LIFE, especially for women in a modern society, is full of challenges. Few chose to meet them while many tend to run away from them.
Pushpa Wati is one of those few who decided to grab the bull by the horns and meet the challenges head on.
The 49-year-old of Ba was recently appointed the president of the Suva Table Tennis Association and she said she was ready to face the obstacles that would come her way during her reign at the helm of what is considered a minor sport in Fiji.
She said her biggest challenge would be changing its minor status to major, which would be difficult but not impossible.
But that is the great thing about vision. Without it, we would have no aim or direction.
So how did Wati's life turn in the direction towards table tennis?
"I actually chose this as an activity for my son but after watching him play a few competitions from the sidelines, I also took interest and tried my hand at it," she said.
"That was in 2004, my son, Christopher Lal, had just completed his Class Eight exams and I wanted him involved in something during the long school break that would keep him away from trouble and also keep him safe."
Since then, Lal went on to win many competitions, tournaments and even national championships, however Wati remained a social player.
"My son's achievements inspired me to continue playing but not fully competitively."
Where do the challenges come in? Firstly, Wati's profession. She was a schoolteacher and she encouraged her sonto continue playing during the height of his academic years in high school.
This did not sit well with the other teachers, who considered a woman's role in society, especially a teacher's, to be that of helping children excel academic wise.
"There was a lot of criticism back then because I always encouraged my son to continue his sporting career.
"He would miss school often, sometimes for even up to a month so that he can compete in tournaments.
"I stood up to the criticism and when I look back now, I am glad I faced the criticism rather than give in to it."
Another challenge — she is a single mother.
After separation from her husband, Wati juggled parenting and teaching. Now, add being president of the STTA.
"Time management. Using the time wisely and dividing it well among the responsibilities and roles it has helped me a lot.
"I give emphasis when and where needed and this has allowed me to perform my roles as a parent, a teacher and now as president better."
And what good are challenges if you don't get something out it. Achievements and accomplishments are fruits of your efforts in overcoming obstacles.
"There are two major accomplishments in the sport that I am really proud of.
"The first is that I am one of the only two national umpires for the sport in the country.
"This has allowed me to officiate in local and overseas tournaments.
"My second biggest accomplishment is being appointed the president of the STTA.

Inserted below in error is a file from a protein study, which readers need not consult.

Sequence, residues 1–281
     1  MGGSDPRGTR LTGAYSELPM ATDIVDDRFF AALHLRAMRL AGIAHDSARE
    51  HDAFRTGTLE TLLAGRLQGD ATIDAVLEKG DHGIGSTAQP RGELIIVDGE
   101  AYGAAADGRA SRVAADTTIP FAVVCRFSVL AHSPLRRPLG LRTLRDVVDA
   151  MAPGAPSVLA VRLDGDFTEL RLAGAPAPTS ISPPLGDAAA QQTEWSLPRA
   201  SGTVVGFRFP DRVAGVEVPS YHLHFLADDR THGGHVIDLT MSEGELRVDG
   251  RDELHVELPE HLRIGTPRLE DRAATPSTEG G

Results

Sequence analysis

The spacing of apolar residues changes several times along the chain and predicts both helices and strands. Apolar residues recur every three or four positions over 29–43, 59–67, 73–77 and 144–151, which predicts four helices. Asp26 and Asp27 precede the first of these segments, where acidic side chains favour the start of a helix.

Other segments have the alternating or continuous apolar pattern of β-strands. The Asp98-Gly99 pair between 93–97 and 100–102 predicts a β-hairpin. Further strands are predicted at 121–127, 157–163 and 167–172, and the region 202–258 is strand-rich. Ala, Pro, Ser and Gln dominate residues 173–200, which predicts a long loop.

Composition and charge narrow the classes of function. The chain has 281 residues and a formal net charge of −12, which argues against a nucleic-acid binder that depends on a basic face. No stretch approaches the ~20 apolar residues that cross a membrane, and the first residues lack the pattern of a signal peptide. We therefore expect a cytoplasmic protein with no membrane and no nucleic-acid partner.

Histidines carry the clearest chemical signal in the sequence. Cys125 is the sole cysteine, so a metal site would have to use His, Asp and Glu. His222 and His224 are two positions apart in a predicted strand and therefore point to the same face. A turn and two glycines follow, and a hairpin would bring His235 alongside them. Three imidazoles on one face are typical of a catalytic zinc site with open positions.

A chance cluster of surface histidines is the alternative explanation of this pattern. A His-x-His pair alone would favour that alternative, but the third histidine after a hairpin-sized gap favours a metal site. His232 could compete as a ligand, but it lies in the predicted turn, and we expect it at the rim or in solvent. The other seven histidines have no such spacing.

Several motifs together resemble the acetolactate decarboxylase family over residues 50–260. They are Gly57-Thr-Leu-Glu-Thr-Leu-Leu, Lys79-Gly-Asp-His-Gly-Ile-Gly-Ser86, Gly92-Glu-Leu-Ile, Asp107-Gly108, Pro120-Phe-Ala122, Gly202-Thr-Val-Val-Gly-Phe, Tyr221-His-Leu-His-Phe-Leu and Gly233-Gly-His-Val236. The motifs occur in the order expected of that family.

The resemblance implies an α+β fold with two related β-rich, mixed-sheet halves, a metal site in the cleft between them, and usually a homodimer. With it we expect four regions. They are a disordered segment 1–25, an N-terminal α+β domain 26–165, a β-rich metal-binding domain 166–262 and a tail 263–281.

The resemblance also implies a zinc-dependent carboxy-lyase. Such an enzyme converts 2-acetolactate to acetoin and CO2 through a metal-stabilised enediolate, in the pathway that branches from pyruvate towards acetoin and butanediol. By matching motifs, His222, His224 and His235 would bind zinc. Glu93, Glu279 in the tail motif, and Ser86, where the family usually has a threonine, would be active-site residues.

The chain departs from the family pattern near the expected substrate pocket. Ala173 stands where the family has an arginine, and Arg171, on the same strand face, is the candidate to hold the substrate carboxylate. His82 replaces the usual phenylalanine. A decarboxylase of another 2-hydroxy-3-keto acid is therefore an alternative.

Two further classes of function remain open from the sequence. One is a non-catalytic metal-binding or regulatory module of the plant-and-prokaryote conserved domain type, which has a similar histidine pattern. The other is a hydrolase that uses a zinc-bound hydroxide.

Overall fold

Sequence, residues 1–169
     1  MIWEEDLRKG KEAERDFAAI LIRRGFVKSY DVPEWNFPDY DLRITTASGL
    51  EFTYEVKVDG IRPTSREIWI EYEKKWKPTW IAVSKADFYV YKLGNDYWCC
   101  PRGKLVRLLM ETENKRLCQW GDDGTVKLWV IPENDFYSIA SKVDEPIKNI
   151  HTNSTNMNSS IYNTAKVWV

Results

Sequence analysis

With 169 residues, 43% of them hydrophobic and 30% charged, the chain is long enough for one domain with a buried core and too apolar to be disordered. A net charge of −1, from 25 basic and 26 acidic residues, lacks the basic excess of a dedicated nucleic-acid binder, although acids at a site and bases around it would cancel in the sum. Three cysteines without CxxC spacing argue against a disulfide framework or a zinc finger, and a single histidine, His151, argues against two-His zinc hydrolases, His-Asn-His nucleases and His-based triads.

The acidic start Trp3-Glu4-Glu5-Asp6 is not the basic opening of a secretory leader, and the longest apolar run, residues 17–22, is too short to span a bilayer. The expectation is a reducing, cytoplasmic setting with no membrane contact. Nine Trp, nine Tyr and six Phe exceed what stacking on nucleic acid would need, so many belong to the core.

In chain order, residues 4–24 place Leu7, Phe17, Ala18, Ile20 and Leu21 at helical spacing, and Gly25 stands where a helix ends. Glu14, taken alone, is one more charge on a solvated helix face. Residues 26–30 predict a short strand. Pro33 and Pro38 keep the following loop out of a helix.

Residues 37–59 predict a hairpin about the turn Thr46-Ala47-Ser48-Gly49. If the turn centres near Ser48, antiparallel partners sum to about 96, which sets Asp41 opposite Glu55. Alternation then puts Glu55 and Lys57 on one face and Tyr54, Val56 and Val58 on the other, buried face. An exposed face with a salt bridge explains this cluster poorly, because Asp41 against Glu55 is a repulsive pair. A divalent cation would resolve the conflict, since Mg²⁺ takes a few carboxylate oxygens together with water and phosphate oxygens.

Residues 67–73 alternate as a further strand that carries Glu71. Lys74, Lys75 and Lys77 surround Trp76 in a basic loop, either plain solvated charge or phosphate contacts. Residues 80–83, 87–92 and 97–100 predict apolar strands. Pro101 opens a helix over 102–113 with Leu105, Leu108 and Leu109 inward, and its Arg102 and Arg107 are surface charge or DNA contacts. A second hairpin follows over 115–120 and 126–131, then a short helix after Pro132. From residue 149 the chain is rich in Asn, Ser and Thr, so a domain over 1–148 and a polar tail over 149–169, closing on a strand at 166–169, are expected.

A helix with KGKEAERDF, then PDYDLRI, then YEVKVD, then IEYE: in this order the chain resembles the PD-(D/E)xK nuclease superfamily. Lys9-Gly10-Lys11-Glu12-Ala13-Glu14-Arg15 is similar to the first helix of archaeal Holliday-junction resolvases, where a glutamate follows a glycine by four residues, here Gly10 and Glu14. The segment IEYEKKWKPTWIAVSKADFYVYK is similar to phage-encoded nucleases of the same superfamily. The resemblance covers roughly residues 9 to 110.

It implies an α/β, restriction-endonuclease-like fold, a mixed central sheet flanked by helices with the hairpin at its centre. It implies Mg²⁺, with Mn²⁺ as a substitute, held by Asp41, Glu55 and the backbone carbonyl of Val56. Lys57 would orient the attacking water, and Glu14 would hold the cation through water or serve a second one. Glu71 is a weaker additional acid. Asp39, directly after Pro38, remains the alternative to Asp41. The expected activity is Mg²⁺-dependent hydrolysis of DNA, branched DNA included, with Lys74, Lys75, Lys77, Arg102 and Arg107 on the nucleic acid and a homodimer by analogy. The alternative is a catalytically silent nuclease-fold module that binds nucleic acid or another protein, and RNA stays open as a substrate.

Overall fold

"For as long as I remember, this has been a male dominated sport and I think I may be the only woman that has ever held this post."
Wati is also a qualified coach and loves working with children or newcomers.
"I got a coaching certificate because I love to teach the sport to new players. Especially children because they are very easy to teach."
With the New Year and her term as president fully coming into effect, Wati is confident of continuing the development process to ensure they increase their player-base.
She said since she came into the sport, she has seen it become more inclusive and she said she would love to continue that.
"Since I started in table tennis, I have seen more children compete, more players going overseas for competitions, some outreach programs conducted in villages and the best of them all was our clinics in disabled schools around the capital city.
"This saw some disabled players — deaf players come and make a name for themselves in the sport."
Wati also wants to see more females take up the sport from this year onwards.
"I want to see our development program grow from strength to strength.
"This would become evident if our players were to increase and to do that we would need to conduct more clinics and outreach programs.
"As the new president of the STTA, I would like to see more children compete, more of the disabled players come and compete with us and most of all, I would like to see more girls and women take up the sport.
"Table tennis is still considered a male dominated sport but women have the opportunity to come forward and balance it out.
"We have the tables and the equipment, this is not a contact sport and women will feel comfortable playing the sport like I do," she said.
While Wati continues to break barriers and overcome obstacles, we can take queue from her and try and implement the same concept in the challenges we face.
The new year has already started and we can't be too sure about what the future holds for us but one thing we can do is brace ourselves to meet whatever comes our way — head on — just like Wati does.